What do we do when our lives are upended and we’re left to create our own schedules every day? Turns out, we just don’t.  I have been relishing this at-home time; sometimes listlessly going about evenings in a blissful limbo.  A total departure from scheduled routines, I have learned can disrupt sleep, cause us to miss meals or the opposite, snack all day. Comfort food, social media, reading and TV binges dominated my down-time over the last 71 days. But as we approach returning to routine, a lack of structure, is perhaps the newly developed habit I most need to change.

Though hope springs that the pandemic will end in the next weeks or months, the question remains: what will the new normal at work be like? I have spent some time reading various ‘How to return to work after quarantine’ kind of blogs and the generic suggestions have not been helpful. So, I have put together my own simplistic list of what I plan to do in a lead up to a gradual return to normalcy.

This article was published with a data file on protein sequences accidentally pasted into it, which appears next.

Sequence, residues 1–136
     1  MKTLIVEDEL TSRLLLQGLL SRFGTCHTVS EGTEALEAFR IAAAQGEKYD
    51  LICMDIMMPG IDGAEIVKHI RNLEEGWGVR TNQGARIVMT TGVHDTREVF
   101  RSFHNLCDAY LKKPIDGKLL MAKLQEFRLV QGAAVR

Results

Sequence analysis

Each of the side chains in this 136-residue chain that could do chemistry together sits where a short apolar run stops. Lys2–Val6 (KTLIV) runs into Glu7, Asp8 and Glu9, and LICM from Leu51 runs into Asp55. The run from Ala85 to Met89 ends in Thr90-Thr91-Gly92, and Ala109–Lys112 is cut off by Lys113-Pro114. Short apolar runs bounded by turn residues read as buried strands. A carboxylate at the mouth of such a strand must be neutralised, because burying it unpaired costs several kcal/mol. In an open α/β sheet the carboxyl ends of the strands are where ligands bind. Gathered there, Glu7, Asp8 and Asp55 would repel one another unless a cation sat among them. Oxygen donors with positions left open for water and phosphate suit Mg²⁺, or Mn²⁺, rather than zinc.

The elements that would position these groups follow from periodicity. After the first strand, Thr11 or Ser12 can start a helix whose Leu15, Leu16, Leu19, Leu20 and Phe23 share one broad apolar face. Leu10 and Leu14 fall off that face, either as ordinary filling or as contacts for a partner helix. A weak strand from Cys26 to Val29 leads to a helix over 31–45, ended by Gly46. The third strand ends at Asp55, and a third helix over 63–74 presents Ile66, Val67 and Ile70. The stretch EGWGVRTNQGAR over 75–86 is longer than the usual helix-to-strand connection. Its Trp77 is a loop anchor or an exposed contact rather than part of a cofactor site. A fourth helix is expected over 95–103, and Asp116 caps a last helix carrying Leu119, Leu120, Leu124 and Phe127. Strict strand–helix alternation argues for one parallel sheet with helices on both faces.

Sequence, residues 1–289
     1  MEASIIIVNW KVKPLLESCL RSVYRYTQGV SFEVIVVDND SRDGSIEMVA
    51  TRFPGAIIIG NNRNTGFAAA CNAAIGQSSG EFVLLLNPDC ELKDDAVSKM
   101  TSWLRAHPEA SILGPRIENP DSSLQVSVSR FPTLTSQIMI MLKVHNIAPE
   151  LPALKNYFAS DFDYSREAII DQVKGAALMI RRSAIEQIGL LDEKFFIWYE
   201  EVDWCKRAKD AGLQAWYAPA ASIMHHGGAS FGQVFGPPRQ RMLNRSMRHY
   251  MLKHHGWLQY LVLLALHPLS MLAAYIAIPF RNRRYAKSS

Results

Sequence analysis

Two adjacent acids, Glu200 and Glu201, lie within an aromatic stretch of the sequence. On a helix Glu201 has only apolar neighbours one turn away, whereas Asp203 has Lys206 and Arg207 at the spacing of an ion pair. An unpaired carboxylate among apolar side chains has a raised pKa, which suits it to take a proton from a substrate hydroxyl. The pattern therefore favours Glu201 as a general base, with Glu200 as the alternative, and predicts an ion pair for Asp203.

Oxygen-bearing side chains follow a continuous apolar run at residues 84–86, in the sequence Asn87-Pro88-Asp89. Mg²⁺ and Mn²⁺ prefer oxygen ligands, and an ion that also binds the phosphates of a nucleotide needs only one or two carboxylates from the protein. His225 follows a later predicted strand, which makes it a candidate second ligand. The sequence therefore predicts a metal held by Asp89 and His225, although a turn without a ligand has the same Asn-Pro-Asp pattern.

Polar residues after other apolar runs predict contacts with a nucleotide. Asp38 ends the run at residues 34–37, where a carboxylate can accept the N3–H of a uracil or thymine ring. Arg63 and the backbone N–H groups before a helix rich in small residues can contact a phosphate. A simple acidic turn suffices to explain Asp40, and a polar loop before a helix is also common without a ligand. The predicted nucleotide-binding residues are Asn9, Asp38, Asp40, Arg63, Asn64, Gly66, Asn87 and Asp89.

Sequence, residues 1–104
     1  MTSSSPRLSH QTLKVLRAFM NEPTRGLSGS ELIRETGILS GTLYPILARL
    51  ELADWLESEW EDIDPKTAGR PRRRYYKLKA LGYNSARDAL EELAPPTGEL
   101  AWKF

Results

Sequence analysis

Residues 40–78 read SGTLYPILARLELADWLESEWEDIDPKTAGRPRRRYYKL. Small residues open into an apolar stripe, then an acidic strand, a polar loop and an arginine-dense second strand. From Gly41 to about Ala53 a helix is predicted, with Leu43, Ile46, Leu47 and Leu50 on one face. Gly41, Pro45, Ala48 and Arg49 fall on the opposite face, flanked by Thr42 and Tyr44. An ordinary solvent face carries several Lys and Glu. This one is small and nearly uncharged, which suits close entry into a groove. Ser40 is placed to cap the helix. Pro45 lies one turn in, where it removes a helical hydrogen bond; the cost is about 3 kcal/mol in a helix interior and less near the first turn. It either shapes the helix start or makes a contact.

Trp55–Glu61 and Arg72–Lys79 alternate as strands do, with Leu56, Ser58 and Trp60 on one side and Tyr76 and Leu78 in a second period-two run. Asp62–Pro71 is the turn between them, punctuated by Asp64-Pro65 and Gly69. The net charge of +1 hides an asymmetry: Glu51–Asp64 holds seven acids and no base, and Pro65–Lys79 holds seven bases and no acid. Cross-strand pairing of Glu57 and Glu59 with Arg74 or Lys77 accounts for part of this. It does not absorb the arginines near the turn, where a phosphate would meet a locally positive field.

• Start making detailed to-do lists
  • Wake up earlier
  • Change into work-like clothes
  • Force myself to turn my camera ON for as many meetings as possible
  • Avoid napping (this is going to be THE most difficult one for me) and re-adjust my body clock and sleep cycle

Though it’s still uncertain what life will look like after quarantine has ended, one thing for certain is that if we look after the little things while we can, we may leave quarantine feeling less fatigued – and maybe a little more productive. COVID-19 brings with it many new worries everyday, but life will go on, and so must we.  To really stretch the caterpillar to butterfly analogy, I am most certainly in the ‘Pupa’ stage now and what the next period of time will be like for me is increasingly determined within, and not from what I experience externally.

Writing

8 Years and 42.7K Tweets Later

As I sat on my bed, sipping coffee and scrolling on my phone for news from the 2019 Billboard Music Awards this morning; a curious landmark update dropped into my timeline. It was 8 years, the tweet told me, since I joined Twitter.